“Hold that thought.” Troy stopped and craned his neck side to side. “Are we walking in circles? And… is that a dead end?”
“I’m pretty sure we came from there.” Bax pointed in the opposite direction.
I winced, holding one arm around my stomach, and tried to steady my breath.
“Pretty sure?” Troy barked. “Or 100 percent sure? Coz Eden’s not gonna make it far.”
Bax’s arm stiffened behind my back. “Uh, 85 percent?”
“Wait… shh!” Troy held his hand up and we fell silent. “Do you hear that?”
“I don’t hear anything,” Bax whispered.
My brother stood still, ears pricked. “It’s hissing… like air escaping from a ball…coming from that way…”
A strange mist had materialized in the hallway a few paces away from us. There was no fire and it didn’t smell like smoke.
Bax waved his hand at the air. “That’s weird…”
“Something’s wrong.” Troy’s arm stiffened and he gripped me tighter. “We shouldn’t be here.”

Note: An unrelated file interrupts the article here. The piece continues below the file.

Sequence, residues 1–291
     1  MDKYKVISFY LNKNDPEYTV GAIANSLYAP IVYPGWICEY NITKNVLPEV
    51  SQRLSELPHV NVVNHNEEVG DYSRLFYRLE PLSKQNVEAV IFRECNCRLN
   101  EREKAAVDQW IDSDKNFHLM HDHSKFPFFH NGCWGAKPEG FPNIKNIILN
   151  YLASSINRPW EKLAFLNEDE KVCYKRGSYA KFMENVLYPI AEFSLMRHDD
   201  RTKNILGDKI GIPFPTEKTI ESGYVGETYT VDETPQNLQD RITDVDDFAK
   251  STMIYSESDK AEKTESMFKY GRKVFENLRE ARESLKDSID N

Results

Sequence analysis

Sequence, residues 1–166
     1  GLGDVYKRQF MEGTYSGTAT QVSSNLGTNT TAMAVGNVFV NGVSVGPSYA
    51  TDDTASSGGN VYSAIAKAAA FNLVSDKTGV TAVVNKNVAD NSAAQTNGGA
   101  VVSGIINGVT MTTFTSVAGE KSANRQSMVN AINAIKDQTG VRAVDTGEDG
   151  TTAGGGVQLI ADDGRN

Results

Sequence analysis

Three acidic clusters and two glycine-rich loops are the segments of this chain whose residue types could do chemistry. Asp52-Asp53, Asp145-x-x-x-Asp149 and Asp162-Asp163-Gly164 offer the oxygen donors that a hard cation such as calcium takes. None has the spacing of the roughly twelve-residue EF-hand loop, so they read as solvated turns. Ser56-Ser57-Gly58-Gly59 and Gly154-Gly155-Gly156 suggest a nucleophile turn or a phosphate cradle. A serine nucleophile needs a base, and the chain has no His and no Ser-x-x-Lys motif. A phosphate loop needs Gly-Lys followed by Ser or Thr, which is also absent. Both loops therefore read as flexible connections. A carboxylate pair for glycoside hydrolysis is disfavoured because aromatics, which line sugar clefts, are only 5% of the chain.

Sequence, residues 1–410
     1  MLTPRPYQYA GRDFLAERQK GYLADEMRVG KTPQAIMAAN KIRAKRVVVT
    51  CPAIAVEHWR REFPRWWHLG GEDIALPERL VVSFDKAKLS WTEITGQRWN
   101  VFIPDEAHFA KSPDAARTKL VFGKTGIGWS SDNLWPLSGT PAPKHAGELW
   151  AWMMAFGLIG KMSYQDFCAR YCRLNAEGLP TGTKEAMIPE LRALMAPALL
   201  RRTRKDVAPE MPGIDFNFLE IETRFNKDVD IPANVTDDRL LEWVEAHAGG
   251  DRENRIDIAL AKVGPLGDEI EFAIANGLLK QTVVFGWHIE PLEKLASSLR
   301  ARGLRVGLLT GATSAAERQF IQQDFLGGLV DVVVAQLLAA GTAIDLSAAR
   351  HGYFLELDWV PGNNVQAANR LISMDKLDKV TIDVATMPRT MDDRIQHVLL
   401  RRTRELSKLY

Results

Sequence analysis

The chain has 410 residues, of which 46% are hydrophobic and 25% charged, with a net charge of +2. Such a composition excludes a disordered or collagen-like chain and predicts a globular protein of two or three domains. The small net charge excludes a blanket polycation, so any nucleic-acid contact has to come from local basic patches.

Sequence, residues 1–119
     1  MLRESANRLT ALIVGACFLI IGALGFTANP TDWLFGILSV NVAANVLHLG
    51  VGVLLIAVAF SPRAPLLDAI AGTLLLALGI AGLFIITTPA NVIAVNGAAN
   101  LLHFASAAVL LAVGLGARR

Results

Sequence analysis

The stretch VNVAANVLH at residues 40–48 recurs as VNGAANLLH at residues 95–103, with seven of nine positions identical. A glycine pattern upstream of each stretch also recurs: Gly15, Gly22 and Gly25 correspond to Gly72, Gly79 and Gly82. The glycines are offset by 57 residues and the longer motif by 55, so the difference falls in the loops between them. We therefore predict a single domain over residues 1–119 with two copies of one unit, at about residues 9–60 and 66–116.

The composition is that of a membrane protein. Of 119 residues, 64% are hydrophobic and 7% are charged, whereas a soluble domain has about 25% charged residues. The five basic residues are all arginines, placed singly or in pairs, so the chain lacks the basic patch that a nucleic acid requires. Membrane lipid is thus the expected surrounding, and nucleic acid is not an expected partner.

The mist swelled into a gloomy, sulfurous haze, filling the passageway. It licked at the walls of the tunnel and surged forward with its sooty, vaporous tendrils. The hissing sounded like words: Muse… Muse… Each time the mist lunged, I felt a sharp jab in my gut. I coughed, the sour acid of nausea roiling through my body.
“Bax, come on!” Troy gripped me tighter. “Get us outta here!”
“Uh… that way!” Bax said.
I was semi-conscious as they scrambled away from the mist. “Muse…” I mumbled, my words caught between my dreams and my mouth. “The war of the worlds… begins… with a muse…”
Then my knees buckled.
“Eden!” Troy caught me before I collapsed, but his voice was far away, muffled by the hissing.
I heard the firefly’s laugh inside the mist. Where is the Mark, child?
“Bax, go get help!” Troy ordered.
“Do it!” Troy yelled. “I’ll take the blame, but we need help!”